Equally the lens you read the Bible through determines what you see and how you understand what you see. I recently ordered Greg Boyd’s new book, Crucifixion of the Warrior God, a 1492 page tome looking at how we reconcile the violence in the OT with the non-violent Jesus – assuming that we hold a strong view of biblical inspiration and don’t just toss out the hard bits.

Boyd’s lens seems to be the ‘God who is revealed in the crucified Christ’ and after watching this youtube clip I get a sense of what he means by that. Essentially he is saying that if we now have this revelation – this information on who God is – whereas those before Jesus time didn’t then we have a lens for looking back on that historical information and interpreting it more intelligently. He suggests the violence attributed to God by the biblical writers is not actually God at work, but may be God allowing others to act in that way. (Watch the clip for fuller explanation).

I’m curious to see how he develops this thinking – and also why he stops at the ‘crucified Christ’ rather than ‘ the crucified and resurrected Christ’.

In recent years my own primary lens for approaching the difficult passages of scripture has been via the premise that ‘God is good’. Its the foundation stone of all of my theological thinking. If God is good then I have to be able to understand various events in light of that truth – or I can live with them as mystery knowing that God is good. (And if God isn’t good then we’re in some pretty deep poo…)

Lately I’ve pondered some difficult questions that don’t have any easy answers and without a strong primary lens I imagine a thinking person’s faith could unravel. I have just come back from my brother in law’s funeral, where a good, faithful man suffered for 9 years with motor neurone disease and then eventually died. You have to ask questions of God’s character in those situations. People were praying for his healing to the end. He didn’t ‘curse God’ and walk away, but when all was said and done he suffered and died. So maybe God is a heartless jerk?…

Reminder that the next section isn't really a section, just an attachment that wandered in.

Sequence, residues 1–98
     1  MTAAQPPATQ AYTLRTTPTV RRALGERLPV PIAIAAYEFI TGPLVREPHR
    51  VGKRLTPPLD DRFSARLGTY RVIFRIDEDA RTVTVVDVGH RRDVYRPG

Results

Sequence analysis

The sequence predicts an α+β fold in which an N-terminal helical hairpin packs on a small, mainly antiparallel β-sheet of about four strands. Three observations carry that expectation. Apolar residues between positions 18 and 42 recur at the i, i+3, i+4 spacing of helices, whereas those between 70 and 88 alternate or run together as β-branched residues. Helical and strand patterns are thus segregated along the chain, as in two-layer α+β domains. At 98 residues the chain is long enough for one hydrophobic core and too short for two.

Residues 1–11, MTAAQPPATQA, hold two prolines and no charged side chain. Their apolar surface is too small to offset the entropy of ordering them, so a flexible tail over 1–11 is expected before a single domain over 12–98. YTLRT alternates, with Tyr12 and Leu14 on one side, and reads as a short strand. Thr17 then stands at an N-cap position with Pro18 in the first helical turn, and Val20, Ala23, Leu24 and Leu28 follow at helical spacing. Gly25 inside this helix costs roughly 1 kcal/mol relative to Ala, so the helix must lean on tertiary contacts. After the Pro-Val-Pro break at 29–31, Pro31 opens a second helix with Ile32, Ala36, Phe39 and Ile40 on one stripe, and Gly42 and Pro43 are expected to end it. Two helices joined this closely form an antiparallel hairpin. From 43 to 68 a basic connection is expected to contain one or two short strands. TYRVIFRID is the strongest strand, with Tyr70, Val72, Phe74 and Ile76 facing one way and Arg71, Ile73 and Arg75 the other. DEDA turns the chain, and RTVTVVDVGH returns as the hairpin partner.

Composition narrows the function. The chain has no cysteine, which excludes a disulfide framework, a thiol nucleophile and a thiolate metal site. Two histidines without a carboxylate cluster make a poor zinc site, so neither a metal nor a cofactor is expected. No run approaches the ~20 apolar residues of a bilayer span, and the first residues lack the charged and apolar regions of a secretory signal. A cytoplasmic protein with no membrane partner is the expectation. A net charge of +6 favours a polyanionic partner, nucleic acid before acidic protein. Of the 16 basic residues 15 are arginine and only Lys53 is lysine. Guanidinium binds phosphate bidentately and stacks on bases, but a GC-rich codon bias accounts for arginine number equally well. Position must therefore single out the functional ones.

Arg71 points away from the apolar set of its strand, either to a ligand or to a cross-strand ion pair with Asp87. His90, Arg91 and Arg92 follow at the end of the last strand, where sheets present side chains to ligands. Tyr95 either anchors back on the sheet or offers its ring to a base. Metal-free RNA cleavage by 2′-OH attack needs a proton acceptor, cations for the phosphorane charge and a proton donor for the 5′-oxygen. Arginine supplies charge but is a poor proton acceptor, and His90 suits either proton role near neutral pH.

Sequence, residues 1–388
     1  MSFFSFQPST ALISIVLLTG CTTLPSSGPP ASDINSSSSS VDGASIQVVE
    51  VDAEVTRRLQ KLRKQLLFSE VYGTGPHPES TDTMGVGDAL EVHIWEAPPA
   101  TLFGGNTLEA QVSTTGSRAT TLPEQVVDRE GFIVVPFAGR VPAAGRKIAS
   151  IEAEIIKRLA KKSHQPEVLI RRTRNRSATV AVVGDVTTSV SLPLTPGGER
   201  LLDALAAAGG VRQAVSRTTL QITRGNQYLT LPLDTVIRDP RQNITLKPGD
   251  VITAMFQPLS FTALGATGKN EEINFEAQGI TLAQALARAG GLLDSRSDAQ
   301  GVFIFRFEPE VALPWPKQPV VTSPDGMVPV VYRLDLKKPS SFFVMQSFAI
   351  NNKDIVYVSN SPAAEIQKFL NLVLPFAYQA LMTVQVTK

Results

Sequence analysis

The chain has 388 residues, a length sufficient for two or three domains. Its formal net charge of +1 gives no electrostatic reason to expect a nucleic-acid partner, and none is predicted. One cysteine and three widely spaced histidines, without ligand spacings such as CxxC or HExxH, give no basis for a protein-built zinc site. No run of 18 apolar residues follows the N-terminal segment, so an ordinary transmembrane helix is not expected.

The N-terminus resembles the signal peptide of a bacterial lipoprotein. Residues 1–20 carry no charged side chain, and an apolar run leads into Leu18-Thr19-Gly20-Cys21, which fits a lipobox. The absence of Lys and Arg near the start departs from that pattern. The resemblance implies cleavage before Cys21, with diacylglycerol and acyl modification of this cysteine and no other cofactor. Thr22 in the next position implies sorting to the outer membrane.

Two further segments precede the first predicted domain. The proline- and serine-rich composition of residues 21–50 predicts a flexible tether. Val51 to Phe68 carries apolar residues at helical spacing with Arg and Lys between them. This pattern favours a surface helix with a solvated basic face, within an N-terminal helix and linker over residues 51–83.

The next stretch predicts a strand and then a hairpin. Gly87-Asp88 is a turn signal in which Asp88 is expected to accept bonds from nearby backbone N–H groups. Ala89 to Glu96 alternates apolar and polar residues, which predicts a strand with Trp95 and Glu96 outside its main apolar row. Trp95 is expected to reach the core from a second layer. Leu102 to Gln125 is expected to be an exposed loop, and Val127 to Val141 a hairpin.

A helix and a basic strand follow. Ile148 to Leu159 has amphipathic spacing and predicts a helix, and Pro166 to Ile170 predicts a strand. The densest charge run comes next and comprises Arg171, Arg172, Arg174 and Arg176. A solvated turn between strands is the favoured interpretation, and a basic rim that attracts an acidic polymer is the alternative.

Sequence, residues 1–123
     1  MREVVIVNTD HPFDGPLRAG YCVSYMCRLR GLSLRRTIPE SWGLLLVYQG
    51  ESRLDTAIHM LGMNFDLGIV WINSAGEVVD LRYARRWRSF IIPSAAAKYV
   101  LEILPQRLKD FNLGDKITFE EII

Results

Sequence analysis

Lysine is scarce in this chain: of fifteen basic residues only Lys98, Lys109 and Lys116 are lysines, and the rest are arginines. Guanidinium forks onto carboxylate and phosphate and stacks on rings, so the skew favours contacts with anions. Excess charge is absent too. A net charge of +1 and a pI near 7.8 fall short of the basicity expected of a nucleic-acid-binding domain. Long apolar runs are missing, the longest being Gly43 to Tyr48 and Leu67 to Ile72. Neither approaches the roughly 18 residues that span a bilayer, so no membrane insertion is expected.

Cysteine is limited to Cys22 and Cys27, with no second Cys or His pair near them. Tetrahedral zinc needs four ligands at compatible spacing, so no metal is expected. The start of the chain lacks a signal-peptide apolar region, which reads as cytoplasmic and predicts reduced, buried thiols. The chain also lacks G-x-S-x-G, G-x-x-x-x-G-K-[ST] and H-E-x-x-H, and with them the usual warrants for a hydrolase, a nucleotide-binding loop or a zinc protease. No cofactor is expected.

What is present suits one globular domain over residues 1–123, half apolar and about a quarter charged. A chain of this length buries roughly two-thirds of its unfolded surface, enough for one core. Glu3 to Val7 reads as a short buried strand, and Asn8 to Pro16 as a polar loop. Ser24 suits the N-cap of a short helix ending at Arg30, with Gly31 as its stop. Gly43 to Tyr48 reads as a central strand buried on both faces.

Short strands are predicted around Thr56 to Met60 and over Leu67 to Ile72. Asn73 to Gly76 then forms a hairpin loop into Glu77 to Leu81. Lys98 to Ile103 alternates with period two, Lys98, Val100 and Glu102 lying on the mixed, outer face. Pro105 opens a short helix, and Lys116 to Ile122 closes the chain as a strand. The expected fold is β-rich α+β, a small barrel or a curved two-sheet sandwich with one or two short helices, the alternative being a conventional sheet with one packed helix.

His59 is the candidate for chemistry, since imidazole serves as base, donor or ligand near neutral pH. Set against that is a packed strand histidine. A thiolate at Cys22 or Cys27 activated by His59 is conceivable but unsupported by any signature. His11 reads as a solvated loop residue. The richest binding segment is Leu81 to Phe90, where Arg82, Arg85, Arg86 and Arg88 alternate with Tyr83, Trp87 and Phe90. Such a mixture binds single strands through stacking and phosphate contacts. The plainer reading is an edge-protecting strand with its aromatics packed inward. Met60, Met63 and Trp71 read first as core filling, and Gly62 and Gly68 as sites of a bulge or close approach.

Or maybe God doesn’t see, doesn’t care, doesn’t care enough?… These are all very fair questions. Maybe God is ‘working all things together for good’?… Well… yeah… but really? He couldn’t have found a better plan? Is he God or not?

If God isn’t good then Graham’s death was a senseless waste of life and a tragic loss for his family, but if God is good then there must be another way of looking at that situation – not to minimise the pain, or trivialise it, but to ask ‘what is going on that we can’t see?’ The answer may be that ‘we just can’t see it’ and we have to live with that.

 

 

 

 

 

 

 

 

 

At the funeral one of the images shared in a eulogy was Graham’s own take on life as a bit like a ‘cross-stitch’ ie. what looks like a complete mess of fabric and knots from one side is actually a coherent and beautiful picture from another side. With limited perspective we can only see part of the picture.

I can sit pretty well with mystery, but I have always found the OT slaughter passages a bit of struggle because even the best answers have left me somewhat ‘meh’. So here’s hoping Boyd has a take that allows me to put that one to bed and in the process gives a lens for viewing the dark times of life.

 

The Problem is Not With Reality

 

 

 

 

 

 

 

 

 

Bunnings was shut today.

That’s a rare event, almost on a par with a visit from Haley’s comet.

But then it is Good Friday – possibly the only day on the Christian calendar to still command some degree of reverence (at least in hardware)…

In my own mind this day feels like the ‘big one’, more a day of mourning and reflection than Easter Sunday which is a celebration, or Christmas where the vibe is similar.

So when I got texts and emails from people wanting retic work done today I found myself a little irate.

Don’t they know what day it is?!